Search found 919 matches
- Sat Jul 13, 2019 3:17 pm
- Forum: I.C. Engines
- Topic: Coles Models Holt 75 engine model
- Replies: 10
- Views: 3916
And a big thank you to Dick Morris for providing a set of prints for the Holt 75 model motor. It will be a great help in completion of the long dormant project.
McMaster-Carr offers an 1/8 inch square graphite packing that can be unraveled into individual strings with good results. Lubricate all of the parts with some of the silver anti-sieze high temp grease and pack with the graphite packing. Things will work well for a long time if the moving part are we...
With most of the model hex nuts and bolts being scaled down from the standard sizes of hex nuts and bolts, the appearance is OK for most but not all models. What many do not realize is the major locomotive builders for years used only heavy or extra heavy hex nuts and bolts from one end of a steamer...
- Sun Jun 23, 2019 3:22 pm
- Forum: Live Steam
- Topic: Kudos to Eccentric Engineer
- Replies: 2
- Views: 1169
It seems that injectors were custom builds at the factory long ago. Some guy had a rack full of parts and hand picked the parts that best fit together when building up a new injector. I thought the custom fit situation was just with Nathan Monitor style injectors. Now I find that Anthony has reveale...
Bearings can always be interesting as they slowly wear out. Long ago a friend had a well used lathe that had developed a slight chatter in the turned finish of parts. He tried all possible methods to resolve the chatter and decided that the spindle bearings were suspect. He purchased new spindle bea...
A century ago, threads were still not standardized real well. Many companies developed and used proprietary threads just insure you bought their parts if you needed spares for repairs. The singer sewing machine company was notorious for such activity. The Nathan Manufacturing Co often included some ...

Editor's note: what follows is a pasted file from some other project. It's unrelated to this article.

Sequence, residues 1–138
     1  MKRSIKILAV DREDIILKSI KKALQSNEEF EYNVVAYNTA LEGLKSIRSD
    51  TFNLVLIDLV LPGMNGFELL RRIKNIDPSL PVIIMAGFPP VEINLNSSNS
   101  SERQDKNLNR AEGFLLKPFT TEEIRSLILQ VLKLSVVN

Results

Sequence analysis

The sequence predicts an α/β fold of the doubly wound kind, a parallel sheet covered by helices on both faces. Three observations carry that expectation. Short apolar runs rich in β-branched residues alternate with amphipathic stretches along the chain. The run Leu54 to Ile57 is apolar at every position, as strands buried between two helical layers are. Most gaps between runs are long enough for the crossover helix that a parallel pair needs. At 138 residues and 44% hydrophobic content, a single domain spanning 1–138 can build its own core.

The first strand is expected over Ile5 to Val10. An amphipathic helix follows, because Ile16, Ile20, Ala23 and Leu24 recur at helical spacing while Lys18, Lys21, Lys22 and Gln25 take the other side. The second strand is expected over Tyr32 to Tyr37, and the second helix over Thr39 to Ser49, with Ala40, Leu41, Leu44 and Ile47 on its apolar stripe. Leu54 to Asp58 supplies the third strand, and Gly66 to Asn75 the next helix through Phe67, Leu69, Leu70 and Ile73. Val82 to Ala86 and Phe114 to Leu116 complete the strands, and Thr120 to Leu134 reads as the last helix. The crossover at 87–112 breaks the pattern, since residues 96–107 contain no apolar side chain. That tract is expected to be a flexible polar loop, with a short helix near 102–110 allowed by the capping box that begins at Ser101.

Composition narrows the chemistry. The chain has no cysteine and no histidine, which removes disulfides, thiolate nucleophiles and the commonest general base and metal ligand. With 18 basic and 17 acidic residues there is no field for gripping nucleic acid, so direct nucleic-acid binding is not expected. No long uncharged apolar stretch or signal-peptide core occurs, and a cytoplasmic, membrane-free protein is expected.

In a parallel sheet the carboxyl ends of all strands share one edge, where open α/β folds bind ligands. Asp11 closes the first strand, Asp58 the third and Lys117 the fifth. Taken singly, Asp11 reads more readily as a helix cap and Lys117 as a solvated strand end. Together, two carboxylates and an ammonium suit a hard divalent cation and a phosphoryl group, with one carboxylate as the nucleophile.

- Sun May 12, 2019 1:03 am
- Forum: Riding Scale Railroading
- Topic: Wooden boxcar door track?
- Replies: 9
- Views: 2639
The sliding doors of many box cars and even passenger baggage cars were hung from above with what was called a door trolley on a railing. The bottom of the door was usually riding in a guide bar with perhaps what was called a slide to help stabilize the door during movement. Most of the baggage car ...
- Fri May 10, 2019 10:47 am
- Forum: Live Steam
- Topic: Darkening / "bluing" brass?
- Replies: 11
- Views: 2243
I work with brass and bronze all of the time at the local railroad museum. Sure, the new fresh turned metal looks nice but the curator likes to see the patina of age on new parts. I now use sulfurized cutting oil during the final turning and finish work of the parts in bronze and brass. It is like m...
Forgot to mention that in working on a 1922 Baldwin steamer recently, I found use of hairpin cotters. We removed the pilot truck grease cellars for cleaning and inspection. Two long 1/2 inch diameter pins secured the grease cellars. Security was provided by hairpin cotters in perfect formed rectangu...
Nice work on recreation of the rectangular holes for the hairpin cotters. Never an easy task in full size. Long ago I saw an unfinished model live steamer in 1.5 scale that had some incredible craftsmanship up until the original builder passed on. One of the most stunning achievements was scale hair...
- Tue May 07, 2019 11:31 pm
- Forum: General Discussion
- Topic: Book about precision
- Replies: 21
- Views: 4244
I recently was loaned a copy of the Moore book and wish I had seen such information long ago when I was starting into precision machine work. It was very enlightening and has made me look at my machine tools with a whole new respect for what they were designed to do. Upon returning the book to the o...